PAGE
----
April showers were supposed to bring May flowers, but as we get further into the year there continues to be a lot to unpack. This month was an especially tough one.
In 2016 I started my journey as a filmmaker. We had just come off the tragic events of Sandra Bland, Philando Castile, and Alton Sterling. We had barely healed as a nation, and the black community was still recovering from Michael Brown's murder. I felt black people could not win. The worst thing was seeing reports online focusing on compliance. The opinions of "if they only complied" drowned the media as if that would have prevented their deaths, and countless others. The emotions were heavy in my heart, and I wanted to create work that spoke to where we were as a country. I wrote 911 in hopes that if people saw it, they could empathetically relate to what the couple was going through - and therefore try to relate to what the black community was going through.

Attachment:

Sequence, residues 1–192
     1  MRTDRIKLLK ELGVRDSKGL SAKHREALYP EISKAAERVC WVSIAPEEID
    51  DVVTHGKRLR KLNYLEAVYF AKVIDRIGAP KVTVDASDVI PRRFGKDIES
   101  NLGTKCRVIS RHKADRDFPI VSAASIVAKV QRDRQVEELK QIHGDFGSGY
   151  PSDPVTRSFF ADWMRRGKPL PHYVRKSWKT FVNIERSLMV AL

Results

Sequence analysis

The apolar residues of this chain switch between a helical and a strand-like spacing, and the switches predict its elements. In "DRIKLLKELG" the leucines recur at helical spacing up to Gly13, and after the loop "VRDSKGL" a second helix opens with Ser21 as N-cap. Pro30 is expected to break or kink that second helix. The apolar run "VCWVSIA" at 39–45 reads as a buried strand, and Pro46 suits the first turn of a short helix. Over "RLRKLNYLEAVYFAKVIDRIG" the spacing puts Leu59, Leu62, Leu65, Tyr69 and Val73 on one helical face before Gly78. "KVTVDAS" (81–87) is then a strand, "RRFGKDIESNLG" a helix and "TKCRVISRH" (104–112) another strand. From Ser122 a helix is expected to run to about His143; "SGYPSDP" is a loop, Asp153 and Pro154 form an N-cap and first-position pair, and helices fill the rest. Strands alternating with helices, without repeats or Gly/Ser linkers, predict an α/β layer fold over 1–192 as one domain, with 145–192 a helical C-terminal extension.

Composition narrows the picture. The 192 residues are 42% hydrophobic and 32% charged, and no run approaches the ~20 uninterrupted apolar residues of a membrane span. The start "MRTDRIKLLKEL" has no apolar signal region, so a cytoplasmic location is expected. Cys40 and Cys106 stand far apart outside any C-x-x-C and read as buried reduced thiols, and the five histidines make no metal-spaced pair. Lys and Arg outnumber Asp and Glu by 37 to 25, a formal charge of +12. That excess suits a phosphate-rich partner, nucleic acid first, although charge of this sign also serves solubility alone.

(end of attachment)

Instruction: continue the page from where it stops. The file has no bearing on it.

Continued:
Little did I know that 4 years later, we would be in the same place. Minnesota would be making headline news again for a blatant disrespect for black life. As a black woman from a black family, with a black husband, who will one day have black children, I cannot begin to understand why we continue to be seen as a threat. At what point will we be treated with the dignity we deserve? When can I stop worrying about whether or not my husband will be able to make it home safe? When can I trust that the people who are meant to protect and serve will do what they pledged to do?
Like all black people, I'm tired. And for my non-black people, you should be tired too. It is beyond time for a change, and black people cannot do this alone.
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